How Tribal Knowledge Can Be Deployed to Support CX
Before the pandemic, customer service expectations were already at a high, with 93 percent of customers reporting that customer service was an important driver of brand loyalty, according to HubSpot Research. In order to meet both the challenges brought by a pandemic economy and the overall upward trend in online interactions across industries, employing the help of AI is vital.
Chatbot deployment helps take over some of the more repetitive work that can come in with CX queries. Tightly scripted chatbots can be made more intelligent if you allow AI to tap into the living, breathing knowledge graph that is unique to your company. By applying this tacit knowledge to your chatbot, you give it superpowers, connecting it to the repository that is enriched by everyday conversations. This information can be used over and over again and is updated and evolved as more data is brought in, constantly improving the CX experience.
The AI derived from your team’s tacit knowledge can also be used to create Q&A systems inside your most used platforms, such as Slack or Microsoft Teams, to help employees find better answers in real-time when they need help in their efforts to drive CX. Archived interactions can help the AI to recommend relevant information when similar contexts recur in the future. Most importantly, this knowledge is shared evenly across departments to create consistent CX experiences. Anyone who has permission to access the knowledge can use it.
Internally, AI also prevents knowledge drain when people leave the organization by extracting and retaining context from their interactions and making that available whenever needed. This comes into play especially when new employees can simply ask the AI questions, as they would an appointed onboarding buddy to quickly learn how things work. This speeds up onboarding processes and keeps a running tab of retained tribal enterprise know-how that is easily accessible and reusable.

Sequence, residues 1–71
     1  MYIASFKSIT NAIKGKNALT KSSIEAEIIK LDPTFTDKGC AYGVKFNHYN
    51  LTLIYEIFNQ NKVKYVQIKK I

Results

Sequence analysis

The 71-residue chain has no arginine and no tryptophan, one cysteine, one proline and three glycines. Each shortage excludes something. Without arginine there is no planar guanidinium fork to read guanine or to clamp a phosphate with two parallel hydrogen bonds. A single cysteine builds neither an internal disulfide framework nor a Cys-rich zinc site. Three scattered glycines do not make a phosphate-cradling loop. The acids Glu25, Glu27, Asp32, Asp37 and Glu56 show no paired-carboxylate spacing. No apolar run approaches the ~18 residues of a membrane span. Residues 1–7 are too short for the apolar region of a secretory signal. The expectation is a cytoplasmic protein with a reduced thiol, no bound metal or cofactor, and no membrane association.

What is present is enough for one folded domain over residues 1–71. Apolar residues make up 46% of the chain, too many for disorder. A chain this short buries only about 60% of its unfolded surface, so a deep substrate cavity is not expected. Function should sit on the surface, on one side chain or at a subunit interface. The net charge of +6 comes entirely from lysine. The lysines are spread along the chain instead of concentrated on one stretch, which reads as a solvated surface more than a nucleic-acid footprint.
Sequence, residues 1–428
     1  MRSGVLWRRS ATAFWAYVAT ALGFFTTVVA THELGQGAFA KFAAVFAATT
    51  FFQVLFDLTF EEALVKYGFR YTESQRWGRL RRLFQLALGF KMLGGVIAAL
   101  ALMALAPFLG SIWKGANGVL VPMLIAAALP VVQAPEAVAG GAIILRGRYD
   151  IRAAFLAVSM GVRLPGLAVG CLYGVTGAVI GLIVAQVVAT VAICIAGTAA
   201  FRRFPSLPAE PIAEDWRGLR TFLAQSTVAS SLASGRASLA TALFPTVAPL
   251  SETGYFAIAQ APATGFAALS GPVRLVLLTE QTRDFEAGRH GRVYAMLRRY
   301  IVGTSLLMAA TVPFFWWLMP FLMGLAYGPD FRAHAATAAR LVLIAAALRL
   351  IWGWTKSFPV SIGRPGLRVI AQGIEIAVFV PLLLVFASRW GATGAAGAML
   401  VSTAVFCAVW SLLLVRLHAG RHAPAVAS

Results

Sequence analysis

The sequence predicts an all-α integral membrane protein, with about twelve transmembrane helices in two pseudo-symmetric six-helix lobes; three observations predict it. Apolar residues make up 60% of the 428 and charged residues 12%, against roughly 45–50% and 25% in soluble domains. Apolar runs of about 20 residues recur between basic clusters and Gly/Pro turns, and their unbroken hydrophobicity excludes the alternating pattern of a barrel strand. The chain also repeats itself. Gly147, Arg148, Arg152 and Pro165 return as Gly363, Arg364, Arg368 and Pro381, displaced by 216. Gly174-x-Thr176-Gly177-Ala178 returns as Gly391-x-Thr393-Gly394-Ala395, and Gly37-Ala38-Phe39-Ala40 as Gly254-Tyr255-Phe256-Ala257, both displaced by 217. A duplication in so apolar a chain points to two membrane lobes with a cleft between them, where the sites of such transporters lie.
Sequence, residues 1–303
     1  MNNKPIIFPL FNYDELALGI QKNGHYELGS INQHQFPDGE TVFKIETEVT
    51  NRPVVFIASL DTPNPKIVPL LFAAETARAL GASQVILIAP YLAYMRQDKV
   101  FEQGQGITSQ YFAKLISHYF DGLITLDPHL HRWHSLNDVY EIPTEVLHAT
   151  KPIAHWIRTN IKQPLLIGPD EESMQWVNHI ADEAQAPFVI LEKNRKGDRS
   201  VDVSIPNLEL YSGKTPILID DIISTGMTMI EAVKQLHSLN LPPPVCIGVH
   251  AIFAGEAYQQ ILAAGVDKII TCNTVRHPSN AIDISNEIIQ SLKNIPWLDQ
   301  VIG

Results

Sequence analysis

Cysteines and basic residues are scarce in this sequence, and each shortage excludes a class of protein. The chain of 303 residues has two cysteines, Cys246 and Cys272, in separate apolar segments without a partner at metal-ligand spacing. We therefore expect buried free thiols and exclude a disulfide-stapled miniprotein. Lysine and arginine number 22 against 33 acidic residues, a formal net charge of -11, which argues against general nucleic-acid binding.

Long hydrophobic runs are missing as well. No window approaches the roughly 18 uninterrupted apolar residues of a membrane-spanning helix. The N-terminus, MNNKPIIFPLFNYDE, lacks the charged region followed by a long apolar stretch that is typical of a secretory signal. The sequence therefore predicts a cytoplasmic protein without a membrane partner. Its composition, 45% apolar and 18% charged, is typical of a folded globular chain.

Finally, AI naturally helps with increased volume and varying times of demand in online CX because it works 24/7. AI bots can power improved customer experience by enabling intelligent self-service, with no lag-time on responses. A well-trained AI management system will bring consistency to tagging, classification of issues, and the overall improvement of analytics for your data — thereby enriching your customer management experience.
The Future of Better Business
In any organization, there are systems, rules, and operating procedures. The hidden and most fundamental part of an organization is its people. Their “tribal knowledge” is the soul of the business, and that experiential understanding hasn’t necessarily been documented in enterprise communications to date.
With each person’s input, a knowledge graph can grow its parameters daily. This can become overwhelming to the individual, but with the implementation of AI can only inform and increase proficiency within the business. Providing an encyclopedic resource to both employees and customers alike, AI can stimulate both success and return on investment.
Implementing the help of AI in your business can turn your otherwise lost communications into an oracle for success.